Monday, November 3, 2008


Donald Hall, from SEASONS AT EAGLE POND, on the many pleasures and comforts this month brings for those of us who love to hibernate:

"Some of us...are darkness-lovers. We do not dislike the early and late daylight of June, whippoorwill's graytime, but we cherish the gradually increasing dark of November, which we wrap around ourselves in the prosperous warmth of woodstove, oil, electric blanket, storm window, and insulation. We are partly tuber, partly bear. Inside our warmth we fold ourselves in the dark and its cold - around us, outside us, safely away from us; we tuck ourselves up in the long sleep and comfort of cold's opposite, warming ourselves by thought of the cold, lighting ourselves by darkness's idea. Or we are Persephone gone underground again, cozy in the amenities of Hell. Sheltered between stove and electric light, we hollow islands of safety within the cold and dark."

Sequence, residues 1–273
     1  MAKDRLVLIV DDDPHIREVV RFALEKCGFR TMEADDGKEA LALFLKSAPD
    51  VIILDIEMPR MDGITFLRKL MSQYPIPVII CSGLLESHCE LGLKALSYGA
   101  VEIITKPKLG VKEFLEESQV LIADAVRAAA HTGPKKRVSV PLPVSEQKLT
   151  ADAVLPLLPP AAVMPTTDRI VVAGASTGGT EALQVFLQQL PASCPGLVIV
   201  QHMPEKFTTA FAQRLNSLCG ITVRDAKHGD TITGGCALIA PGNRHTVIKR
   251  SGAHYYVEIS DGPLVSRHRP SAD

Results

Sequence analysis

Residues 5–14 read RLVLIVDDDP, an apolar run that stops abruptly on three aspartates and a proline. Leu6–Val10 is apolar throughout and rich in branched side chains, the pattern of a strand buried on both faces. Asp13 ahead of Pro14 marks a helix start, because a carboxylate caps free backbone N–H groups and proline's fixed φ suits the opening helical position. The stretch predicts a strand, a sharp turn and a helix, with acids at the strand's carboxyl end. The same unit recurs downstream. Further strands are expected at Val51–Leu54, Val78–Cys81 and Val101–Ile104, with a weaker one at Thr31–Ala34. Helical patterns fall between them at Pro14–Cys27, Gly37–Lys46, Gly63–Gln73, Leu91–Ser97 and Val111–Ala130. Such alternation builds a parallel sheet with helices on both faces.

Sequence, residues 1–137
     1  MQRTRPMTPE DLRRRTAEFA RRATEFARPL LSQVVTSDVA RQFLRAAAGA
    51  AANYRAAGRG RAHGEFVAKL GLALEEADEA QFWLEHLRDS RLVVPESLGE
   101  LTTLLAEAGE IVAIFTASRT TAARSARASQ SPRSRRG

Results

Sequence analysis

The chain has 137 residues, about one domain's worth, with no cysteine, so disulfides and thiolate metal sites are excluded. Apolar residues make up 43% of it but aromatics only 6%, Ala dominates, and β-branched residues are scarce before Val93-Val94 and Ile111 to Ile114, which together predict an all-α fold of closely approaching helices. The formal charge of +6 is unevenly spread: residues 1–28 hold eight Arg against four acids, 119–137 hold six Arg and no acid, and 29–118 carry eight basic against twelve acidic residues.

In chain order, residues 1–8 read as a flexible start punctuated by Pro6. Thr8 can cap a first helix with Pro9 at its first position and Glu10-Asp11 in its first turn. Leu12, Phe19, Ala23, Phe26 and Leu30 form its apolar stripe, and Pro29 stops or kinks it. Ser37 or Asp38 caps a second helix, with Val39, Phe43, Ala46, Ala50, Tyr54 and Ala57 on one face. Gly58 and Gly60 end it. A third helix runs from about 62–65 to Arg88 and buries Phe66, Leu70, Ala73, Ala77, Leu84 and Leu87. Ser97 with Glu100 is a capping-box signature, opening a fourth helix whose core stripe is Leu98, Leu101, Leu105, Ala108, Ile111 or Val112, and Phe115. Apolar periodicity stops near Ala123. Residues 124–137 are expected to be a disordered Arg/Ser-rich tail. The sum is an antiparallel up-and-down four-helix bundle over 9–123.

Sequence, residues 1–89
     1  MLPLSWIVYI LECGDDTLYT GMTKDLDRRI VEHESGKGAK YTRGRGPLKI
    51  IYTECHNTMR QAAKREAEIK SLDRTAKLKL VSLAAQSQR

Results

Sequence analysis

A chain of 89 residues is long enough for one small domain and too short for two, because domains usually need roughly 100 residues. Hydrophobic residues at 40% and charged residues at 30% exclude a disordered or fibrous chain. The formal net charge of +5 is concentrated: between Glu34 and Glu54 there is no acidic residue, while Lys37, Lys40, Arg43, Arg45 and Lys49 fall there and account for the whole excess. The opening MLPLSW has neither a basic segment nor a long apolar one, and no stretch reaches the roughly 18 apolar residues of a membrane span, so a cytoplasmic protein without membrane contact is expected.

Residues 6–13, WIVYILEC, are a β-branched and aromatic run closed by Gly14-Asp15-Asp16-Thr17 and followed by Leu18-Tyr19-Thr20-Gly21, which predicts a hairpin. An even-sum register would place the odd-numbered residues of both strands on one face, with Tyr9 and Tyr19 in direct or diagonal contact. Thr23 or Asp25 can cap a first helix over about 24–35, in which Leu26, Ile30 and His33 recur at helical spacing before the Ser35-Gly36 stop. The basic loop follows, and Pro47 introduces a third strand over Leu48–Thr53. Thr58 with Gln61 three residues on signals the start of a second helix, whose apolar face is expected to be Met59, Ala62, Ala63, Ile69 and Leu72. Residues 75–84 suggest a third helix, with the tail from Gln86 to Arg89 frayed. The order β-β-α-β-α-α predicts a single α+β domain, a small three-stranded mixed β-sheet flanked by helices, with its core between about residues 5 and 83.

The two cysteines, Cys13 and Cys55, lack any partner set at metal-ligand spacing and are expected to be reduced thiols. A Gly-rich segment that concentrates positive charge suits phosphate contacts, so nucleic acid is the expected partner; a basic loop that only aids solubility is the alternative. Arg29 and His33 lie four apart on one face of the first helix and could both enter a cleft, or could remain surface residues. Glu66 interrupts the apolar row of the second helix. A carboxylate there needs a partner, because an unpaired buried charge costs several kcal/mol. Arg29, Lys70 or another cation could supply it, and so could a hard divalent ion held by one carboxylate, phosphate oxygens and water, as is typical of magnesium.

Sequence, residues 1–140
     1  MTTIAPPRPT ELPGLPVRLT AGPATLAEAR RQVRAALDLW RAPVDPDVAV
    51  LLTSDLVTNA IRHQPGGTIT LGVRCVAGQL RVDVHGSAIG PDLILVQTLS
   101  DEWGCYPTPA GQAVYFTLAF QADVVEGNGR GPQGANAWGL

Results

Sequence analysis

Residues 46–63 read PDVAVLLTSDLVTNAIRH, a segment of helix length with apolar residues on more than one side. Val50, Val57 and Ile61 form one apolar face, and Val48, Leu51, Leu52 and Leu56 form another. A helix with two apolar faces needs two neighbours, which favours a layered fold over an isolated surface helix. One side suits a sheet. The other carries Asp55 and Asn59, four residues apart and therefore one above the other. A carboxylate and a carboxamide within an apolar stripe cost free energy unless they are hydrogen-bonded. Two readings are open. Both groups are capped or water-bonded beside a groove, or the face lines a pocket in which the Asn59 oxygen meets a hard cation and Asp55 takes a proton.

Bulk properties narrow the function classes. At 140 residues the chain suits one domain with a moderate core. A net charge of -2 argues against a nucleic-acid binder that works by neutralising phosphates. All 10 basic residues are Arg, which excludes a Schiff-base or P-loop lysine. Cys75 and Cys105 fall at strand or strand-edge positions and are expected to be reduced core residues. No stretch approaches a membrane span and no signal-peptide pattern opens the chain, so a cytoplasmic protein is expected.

And John Updike, from A CHILD'S CALENDAR, on the essential, elemental beauty of late autumn:

The ground is hard,
As hard as stone.

The year is old,

The birds are flown.

And yet the world,

Displays a certain


The beauty of

The bone. Tall God

Must see our souls
This way, and nod.

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